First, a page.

Could Kik Messenger save HTML5 games?

HTML5 games reminds me of Oakland, California.  Oakland is the smaller sister next to San Francisco, on the wrong side of the Bay.  Every year, we say, this will be the year that Oakland becomes the Brooklyn of the Bay Area.  But, it never happens.  It’s always next year.

That’s the story of HTML5 and games.  Whether its Facebook embracing or dropping HTML5, HTML5 startups getting funding then imploding; the imminent success of HTML5 games is always a year away.

But this year may be different.

There are awesome HTML5 game technologies available, such as Tresensa, GameClosure,, and Goo Technologies.  Spil taking the lead with new ad technologies and $5 million in funding.


And then there is Kik.  Kik is a messenger platform with 100 million user and over 275,000 new users signing up everyday.  What makes Kik unique compared to other games-focused messenger platforms such as Line, KaoKao, WeChat, and Tango is that does not distribute third-party game apps.

Instead, Kik has embraced the mobile web, and in particular HTML5.  In 2012, Kik released its Cards platform, enabling developers to create HTML5-based apps and games to be distributed through its messenger client.

Then this February, Kik introduced its own in-app browser and provided APIs to developers to mark up and optimize their web pages and/games for the Kik platform. All a game developer has to do is integrate a few lines of code to their existing HTML5 game to become visible and shareable within Kik via player-matching and push notifications.

In order for game developers to move from and eventually drop iOS and Android for HTML5, the platform needs to provide distribution, discovery, and monetization.  With 100 million mobile users who share everything (it’s predominantly teens), Kik brings distribution in a big way.’s Costume Party generated 1 million users in less than 24 hours.   Kik also brings discovery to a degree through its API tools.

Money, on other hand, is a work in progress.  According to Paul Gray of Kik, developers can monetize their games through sponsorship or in-game advertising.  In the future, Kik is working on developing richer and more engaging ad solutions for developers and presumably Kik to make more money.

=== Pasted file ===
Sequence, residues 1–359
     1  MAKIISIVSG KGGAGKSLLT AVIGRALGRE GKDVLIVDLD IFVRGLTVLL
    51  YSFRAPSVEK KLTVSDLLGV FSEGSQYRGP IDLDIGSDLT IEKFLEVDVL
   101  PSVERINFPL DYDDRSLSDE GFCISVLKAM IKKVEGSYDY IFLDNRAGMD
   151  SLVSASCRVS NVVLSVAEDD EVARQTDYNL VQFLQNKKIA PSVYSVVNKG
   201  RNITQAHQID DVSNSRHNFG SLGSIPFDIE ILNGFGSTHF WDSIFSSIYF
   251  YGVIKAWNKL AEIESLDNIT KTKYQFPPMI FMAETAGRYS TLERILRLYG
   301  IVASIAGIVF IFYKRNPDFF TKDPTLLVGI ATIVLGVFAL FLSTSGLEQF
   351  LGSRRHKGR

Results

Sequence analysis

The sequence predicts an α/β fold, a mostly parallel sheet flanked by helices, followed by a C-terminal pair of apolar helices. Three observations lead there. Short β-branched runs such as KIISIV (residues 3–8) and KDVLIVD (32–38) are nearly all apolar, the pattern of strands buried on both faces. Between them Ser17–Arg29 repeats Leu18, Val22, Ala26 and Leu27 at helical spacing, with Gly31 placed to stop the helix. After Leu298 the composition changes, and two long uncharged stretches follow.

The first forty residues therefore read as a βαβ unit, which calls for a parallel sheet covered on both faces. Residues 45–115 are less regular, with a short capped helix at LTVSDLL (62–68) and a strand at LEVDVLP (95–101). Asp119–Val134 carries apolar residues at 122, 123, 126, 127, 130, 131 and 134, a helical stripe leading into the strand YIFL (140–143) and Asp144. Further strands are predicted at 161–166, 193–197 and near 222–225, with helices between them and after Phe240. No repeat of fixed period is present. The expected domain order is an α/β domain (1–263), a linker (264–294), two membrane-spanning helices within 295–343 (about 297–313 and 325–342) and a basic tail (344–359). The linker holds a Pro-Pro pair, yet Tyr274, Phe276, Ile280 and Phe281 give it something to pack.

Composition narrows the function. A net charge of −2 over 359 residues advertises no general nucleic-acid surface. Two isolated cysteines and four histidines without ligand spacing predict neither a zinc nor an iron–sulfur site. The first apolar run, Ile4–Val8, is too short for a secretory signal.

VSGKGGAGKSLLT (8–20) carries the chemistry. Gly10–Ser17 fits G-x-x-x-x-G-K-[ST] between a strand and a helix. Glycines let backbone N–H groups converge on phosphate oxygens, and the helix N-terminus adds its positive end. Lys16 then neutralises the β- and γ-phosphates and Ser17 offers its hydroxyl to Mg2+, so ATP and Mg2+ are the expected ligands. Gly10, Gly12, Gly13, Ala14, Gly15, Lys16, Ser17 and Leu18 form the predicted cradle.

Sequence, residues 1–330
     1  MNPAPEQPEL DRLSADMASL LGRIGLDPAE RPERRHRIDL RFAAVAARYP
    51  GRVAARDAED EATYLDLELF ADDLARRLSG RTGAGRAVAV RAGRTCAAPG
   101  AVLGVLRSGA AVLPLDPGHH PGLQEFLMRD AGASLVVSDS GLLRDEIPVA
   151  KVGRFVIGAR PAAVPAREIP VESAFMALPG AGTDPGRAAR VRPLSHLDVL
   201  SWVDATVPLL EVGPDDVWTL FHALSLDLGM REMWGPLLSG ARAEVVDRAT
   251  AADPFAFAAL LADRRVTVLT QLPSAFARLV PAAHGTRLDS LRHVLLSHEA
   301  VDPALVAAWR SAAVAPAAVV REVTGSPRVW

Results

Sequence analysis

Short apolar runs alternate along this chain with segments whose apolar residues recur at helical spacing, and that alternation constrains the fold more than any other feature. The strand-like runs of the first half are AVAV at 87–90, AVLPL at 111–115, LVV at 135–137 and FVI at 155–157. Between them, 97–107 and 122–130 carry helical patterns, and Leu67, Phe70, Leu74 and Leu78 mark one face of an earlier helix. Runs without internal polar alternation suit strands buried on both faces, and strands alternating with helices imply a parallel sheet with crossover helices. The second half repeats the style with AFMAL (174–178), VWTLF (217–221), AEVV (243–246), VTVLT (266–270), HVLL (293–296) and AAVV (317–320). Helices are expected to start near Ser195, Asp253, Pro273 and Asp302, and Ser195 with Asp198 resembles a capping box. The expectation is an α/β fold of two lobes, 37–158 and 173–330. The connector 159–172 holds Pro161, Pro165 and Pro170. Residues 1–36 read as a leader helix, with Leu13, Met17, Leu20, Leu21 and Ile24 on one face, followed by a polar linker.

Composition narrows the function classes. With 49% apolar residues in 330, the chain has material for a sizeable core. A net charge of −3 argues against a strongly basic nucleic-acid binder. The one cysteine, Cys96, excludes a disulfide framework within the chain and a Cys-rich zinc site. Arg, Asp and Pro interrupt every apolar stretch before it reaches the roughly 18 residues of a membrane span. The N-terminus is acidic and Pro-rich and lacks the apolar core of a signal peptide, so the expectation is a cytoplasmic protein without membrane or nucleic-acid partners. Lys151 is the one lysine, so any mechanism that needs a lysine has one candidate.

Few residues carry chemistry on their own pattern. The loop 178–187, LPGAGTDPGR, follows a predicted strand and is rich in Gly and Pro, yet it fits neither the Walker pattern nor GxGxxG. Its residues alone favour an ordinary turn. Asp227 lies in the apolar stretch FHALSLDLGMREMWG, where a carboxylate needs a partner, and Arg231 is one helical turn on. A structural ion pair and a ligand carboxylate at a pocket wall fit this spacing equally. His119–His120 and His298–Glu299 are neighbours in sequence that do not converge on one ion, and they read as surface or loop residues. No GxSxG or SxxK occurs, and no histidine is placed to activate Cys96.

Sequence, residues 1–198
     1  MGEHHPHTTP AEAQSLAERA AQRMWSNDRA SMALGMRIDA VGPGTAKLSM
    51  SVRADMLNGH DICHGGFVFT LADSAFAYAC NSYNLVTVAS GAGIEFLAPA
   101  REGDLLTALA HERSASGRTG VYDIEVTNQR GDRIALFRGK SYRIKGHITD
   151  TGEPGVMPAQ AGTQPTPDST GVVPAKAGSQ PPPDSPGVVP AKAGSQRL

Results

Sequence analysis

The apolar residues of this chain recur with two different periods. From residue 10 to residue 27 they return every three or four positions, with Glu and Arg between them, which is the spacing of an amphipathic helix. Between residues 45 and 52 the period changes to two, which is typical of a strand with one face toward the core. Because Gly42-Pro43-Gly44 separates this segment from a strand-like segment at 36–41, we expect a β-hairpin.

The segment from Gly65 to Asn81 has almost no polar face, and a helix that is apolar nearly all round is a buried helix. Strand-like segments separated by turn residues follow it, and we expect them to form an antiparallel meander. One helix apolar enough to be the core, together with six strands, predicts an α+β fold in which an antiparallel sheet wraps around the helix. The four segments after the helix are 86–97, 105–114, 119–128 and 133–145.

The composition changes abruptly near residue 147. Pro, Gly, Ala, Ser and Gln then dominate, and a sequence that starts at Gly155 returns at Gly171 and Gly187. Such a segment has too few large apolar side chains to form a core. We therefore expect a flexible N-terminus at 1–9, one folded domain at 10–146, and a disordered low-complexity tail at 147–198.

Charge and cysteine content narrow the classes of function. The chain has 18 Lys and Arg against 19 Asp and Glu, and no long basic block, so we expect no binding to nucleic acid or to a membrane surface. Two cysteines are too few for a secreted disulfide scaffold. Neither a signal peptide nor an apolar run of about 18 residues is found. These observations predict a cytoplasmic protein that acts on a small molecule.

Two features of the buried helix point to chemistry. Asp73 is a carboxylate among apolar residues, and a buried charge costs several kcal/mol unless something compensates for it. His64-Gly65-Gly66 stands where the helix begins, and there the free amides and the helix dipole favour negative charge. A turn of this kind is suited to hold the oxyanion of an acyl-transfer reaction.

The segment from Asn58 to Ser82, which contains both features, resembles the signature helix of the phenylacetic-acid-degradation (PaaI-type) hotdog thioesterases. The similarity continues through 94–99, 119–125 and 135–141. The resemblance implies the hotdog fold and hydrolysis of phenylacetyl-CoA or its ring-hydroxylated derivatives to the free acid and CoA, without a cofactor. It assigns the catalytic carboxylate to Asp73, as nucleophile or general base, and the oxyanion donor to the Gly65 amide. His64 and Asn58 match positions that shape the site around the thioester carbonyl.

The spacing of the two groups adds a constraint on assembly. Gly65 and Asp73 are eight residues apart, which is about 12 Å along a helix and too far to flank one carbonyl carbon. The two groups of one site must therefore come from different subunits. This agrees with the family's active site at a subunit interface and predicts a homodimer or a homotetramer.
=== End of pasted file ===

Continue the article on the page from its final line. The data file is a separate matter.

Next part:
Spilgames’ Astrun is on Kik

Unfortunately, Kik is limited in what they can offer because platform is built upon other platforms – iOS and Android.  Being open, Google is not a problem.  Being a walled garden, Apple is.

When Apple updated to iOS 7, Kik’s Card directory disappeared from the iOS version making discovery more difficult.  Kik added search, and is working on recommendation tools, but it shows how reliant its platform is on the whims of Apple (for more detail, see this entry from Kik’s blog site).

It is unlikely Kik will ever be able to offer in-app purchases for game partners within its messaging platform, which would run afoul with Apple (though because it’s the mobile web, developers could still theoretically offer IAPs on their own outside of Kik and Apple).

For Kik to take HTML5 games to the masses, it will need to bring all three pieces – distribution, discovery, and monetization – to the table.  Kik has already solved the hardest part, distribution.  For a scrappy startup birthed at a Canadian university, discovery and monetization aren’t trivial to fix, but it shouldn’t be mission impossible.

That is, if Kik doesn’t get purchased first.

Curious about HTML5 games on Kik?  First, download and install Kik on your iPhone or Android.  Then, open these game URL’s in your Kik browser:

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